“Anwar as Interim PM”: How a Draft Report Fooled a Whole Country

At 4.53PM, 22nd November 2022, online news agency, Free Malaysia Today, released a short piece of news, stating that Anwar Ibrahim has been appointed as Interim Prime Minister of Malaysia.

Spoiler alert: that’s not what actually happened.

This was followed by a tweet by TheVibes, which would later go viral, gaining over 15,000 retweets in less than 10 minutes.

This was briefly followed by tweet from Free Malaysia Today at 5.24PM apologising for “erroneously publishing” the draft story, and that they have since deleted the story on their site.

Despite this, the news continued to spread like wildfire, to the point even the renowned Melissa Goh, Malaysia Bureau Chief for Singapore’s Channel News Asia would publish the ‘news’ on her Twitter account.

This would later be picked up by Berita Harian citing Channel News Asia, and even New Straits Times would later publish a news article whereby a “party source” stated that it “looks like it [that Anwar is appointed Interim PM.”

The reality, as explained by Anwar himself after that, was that he was merely told by the Yang di-Pertuan Agong that the King has yet to make any decision, and so there is no appointment for any Prime Minister or Interim Prime Minister.

But why did this problem even started? Why would FMT write a draft article if such is not to happen to begin with?

Media agencies are always competing with each other in staying relevant and being the first to publish a news – and so they would need to reduce the time between the news happening and the news being published.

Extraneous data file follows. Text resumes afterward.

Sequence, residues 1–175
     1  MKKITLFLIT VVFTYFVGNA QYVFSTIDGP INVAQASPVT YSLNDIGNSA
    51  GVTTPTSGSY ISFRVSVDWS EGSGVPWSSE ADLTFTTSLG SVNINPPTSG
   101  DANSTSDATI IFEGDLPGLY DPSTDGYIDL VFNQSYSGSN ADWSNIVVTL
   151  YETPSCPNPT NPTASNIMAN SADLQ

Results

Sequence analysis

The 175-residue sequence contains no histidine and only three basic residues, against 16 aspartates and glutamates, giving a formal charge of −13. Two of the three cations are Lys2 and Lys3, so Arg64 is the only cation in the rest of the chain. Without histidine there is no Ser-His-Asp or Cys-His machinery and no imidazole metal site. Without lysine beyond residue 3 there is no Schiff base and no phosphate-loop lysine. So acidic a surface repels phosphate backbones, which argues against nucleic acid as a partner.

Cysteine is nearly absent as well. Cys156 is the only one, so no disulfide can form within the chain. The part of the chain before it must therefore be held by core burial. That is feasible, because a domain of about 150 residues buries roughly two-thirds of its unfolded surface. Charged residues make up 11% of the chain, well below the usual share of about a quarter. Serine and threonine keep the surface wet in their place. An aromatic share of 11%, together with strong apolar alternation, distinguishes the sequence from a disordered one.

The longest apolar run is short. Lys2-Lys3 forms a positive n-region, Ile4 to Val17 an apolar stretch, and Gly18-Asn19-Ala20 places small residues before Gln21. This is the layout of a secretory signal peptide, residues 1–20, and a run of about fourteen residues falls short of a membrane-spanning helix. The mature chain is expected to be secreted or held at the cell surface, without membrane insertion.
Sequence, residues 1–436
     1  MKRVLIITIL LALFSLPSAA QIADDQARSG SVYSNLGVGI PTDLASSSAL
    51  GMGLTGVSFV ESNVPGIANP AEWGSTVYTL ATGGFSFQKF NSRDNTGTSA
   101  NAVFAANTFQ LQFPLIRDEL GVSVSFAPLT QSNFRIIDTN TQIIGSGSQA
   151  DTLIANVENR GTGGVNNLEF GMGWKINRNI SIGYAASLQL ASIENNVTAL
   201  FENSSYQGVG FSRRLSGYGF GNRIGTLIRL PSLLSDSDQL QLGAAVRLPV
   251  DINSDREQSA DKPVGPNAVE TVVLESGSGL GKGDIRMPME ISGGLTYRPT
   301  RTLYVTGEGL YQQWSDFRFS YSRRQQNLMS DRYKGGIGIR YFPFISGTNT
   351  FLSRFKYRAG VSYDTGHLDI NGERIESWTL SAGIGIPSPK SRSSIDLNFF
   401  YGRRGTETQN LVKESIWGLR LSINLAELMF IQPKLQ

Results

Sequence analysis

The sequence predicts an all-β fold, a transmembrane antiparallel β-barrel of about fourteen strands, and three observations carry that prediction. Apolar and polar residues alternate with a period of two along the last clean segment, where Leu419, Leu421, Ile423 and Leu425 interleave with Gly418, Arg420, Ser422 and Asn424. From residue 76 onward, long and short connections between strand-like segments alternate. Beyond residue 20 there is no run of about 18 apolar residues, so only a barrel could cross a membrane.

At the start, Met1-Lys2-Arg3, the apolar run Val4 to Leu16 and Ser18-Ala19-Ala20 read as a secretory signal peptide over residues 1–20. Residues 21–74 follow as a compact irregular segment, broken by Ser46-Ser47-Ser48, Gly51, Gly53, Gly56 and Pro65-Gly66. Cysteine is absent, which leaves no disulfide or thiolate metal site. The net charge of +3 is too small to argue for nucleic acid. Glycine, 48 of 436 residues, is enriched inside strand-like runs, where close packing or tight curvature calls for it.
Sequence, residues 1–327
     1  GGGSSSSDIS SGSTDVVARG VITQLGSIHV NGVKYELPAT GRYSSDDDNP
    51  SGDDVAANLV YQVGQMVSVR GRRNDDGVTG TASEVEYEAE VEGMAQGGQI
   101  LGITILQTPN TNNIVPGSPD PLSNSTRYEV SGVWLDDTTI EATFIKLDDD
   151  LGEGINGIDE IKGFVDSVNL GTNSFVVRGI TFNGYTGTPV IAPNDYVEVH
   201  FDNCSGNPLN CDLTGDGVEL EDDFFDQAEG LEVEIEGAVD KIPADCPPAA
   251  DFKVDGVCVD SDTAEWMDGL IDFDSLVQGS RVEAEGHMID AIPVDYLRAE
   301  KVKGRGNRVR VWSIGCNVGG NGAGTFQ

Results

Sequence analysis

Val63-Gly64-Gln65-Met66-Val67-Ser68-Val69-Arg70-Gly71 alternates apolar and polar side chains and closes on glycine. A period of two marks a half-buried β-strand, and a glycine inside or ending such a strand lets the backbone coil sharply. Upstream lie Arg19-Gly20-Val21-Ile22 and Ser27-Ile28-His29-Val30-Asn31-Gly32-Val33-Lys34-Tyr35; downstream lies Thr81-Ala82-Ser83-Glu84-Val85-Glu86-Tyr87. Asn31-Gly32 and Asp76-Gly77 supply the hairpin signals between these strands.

The solution? Write drafts for all anticipated news early on and only fill in the minute details once the thing is confirmed to happen. Oftentimes the draft consists of one or two paragraphs to reduce the amount of edits needed to be made for factual correction, and once everything is out you can be the first, or one of the first to talk about it.

This is a common practice in reporting. Even I myself have done that in the past in publishing articles on my blog when reporting of a certain situation. An example would be the dissolution of Parliament, expected to happen in February 2020 and announced by Mahathir, and then again in 2021 by Muhyiddin, and then in 2022 by Ismail Sabri.

In the end, out of the many draft articles I wrote, only one was ever published when Ismail Sabri dissolved the Parliament for real.

This time, the word that spread seemed consistent – ‘Anwar has been named interim prime minister and needed to work in building his majority.’ Interestingly, that was not even how the news began.

The draft by FMT simply wrote, in Malay:

“Anwar Ibrahim is appointed as interim prime minister.


But when the news reached other sources including Melissa Goh from CNA, it was later interpreted as being about how he’s now looking to build his majority, and a bunch of other details which wasn’t even mentioned in the initial ‘report’.

This case is interesting to observe as an example of how fast a fake news can spread, and how fragile journalism is.

Despite seemingly small for the public, this misreport brings a big impact as it involves ‘claiming’ His Majesty did something he did not do.

Whoever who becomes the next Prime Minister, we just hope for the best for our country.


Author: Ahmad Ali Karim

Blogger. Official Ambassador at Muafakat Pendidikan Johor (MPJ). Columnist at Utusan Malaysia. Secretary at Pertubuhan Permuafakatan Pendidikan Malaysia (ME'DIDIK).

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